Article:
Question: Higher coverage when using genomic sequencing reads from a pool of individuals
gravatar for jomaco
2.5 years ago by
European Union
jomaco180 wrote:


I have two plants, A and B (of the same diploid species).

I carried out a cross A x B, and ended up with progeny C.

I then mapped genomic sequencing reads (100bp) from a pool of DNA from 30 "C" progeny to plant B.

I also aligned genomic sequencing reads from plant A to plant B.

When I look at coverage of these genomic reads across transcript regions in plant B, I see that the coverage is generally less for the reads from plant A than for the reads from the pool of C plants.

One reason I can think of for this might be that half of the reads from a C plant will have the same SNP as one of the plant B alleles (at a heterozygous) site, whereas this might not be the case for reads from the unrelated plant A (resulting in fewer reads mapping across a transcript region as a whole).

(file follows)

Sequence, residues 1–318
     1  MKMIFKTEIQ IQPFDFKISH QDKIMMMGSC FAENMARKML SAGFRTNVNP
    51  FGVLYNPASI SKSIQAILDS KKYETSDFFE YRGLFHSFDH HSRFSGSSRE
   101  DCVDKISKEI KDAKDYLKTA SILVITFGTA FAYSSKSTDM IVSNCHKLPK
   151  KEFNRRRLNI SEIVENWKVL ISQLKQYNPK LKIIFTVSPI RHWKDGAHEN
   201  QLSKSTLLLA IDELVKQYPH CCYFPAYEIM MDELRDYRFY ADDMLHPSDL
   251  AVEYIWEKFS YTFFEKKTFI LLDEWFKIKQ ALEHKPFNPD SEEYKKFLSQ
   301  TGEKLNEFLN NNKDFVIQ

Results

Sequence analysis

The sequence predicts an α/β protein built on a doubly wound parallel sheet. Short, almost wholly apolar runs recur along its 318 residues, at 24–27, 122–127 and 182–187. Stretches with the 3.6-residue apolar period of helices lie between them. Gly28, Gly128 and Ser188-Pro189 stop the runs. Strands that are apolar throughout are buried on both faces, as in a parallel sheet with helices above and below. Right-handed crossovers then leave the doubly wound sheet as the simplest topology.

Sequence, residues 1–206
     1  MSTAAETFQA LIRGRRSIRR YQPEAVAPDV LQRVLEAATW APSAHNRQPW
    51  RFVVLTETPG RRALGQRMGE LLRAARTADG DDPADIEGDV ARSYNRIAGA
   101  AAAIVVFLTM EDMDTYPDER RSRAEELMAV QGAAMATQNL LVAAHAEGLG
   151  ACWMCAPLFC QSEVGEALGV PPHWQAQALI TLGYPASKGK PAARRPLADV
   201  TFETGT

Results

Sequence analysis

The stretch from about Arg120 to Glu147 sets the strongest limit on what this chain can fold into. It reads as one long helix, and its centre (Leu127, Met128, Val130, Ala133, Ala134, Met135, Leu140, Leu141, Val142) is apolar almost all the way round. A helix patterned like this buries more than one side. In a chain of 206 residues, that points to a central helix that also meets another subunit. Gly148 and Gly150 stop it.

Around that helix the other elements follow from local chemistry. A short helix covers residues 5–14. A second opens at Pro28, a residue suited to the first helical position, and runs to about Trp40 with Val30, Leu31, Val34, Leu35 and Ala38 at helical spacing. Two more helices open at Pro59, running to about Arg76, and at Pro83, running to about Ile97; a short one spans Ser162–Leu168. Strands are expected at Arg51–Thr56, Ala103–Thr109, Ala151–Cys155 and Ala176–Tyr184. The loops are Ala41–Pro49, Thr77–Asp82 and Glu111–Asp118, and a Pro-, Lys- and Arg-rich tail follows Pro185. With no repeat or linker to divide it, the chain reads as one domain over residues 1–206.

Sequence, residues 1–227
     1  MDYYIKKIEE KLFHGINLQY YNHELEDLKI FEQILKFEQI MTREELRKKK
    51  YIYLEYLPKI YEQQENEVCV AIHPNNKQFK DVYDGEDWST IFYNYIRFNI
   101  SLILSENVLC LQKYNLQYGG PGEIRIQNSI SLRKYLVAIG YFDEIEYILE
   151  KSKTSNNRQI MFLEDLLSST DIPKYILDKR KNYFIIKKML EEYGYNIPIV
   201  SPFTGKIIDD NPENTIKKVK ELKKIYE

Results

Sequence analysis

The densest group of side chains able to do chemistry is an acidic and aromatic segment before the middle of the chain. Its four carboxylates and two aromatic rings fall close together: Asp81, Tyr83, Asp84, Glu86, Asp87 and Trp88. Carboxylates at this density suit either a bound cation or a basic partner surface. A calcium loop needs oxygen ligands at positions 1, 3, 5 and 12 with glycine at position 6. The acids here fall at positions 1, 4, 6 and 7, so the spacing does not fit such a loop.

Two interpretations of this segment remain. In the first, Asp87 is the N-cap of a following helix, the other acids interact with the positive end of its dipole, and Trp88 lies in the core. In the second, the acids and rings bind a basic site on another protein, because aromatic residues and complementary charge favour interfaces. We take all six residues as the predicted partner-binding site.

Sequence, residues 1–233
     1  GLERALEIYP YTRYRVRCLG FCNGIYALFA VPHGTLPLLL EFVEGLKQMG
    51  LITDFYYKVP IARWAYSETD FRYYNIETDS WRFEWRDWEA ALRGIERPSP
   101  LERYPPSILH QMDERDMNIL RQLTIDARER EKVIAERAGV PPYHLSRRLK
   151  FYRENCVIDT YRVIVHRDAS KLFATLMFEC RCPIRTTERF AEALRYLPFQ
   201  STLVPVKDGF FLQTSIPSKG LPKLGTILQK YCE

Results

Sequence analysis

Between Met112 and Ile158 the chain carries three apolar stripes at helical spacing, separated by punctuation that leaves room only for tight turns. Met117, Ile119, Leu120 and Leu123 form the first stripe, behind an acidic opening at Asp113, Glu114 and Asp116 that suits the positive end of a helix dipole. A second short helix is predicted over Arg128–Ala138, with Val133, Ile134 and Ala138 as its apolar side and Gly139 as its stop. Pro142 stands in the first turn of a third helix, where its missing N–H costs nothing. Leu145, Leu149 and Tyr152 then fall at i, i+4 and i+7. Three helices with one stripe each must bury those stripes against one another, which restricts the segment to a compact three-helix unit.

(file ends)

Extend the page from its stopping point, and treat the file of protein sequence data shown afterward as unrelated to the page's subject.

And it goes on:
However, my question is, regardless of genetic background, is there something integral to a pool of indviduals (something to do with condensed genomic regions or different regions being "harder" to sequence (or less likely to be sequenced) in each individual perhaps(?)) that means you will get a broader range of coverage from a pool individuals, than you would for a genomic sequencing run from a single individual?


individual genomic dna pool • 780 views
ADD COMMENTlink modified 2.5 years ago • written 2.5 years ago by jomaco180

So if I understand well, u have genomic sequencing reads from plant A and C that you map on the genome of B. Then you see more coverage after mapping for A.

In that case, for me the simplest explanation is that you have more total genomic reads (before mapping) with A than with C. Have you looked at the number of reads for A and C before mapping ?

You can't compare coverage without performing some kind of normalization anyway.

ADD REPLYlink modified 2.5 years ago • written 2.5 years ago by Carlo Yague4.0k
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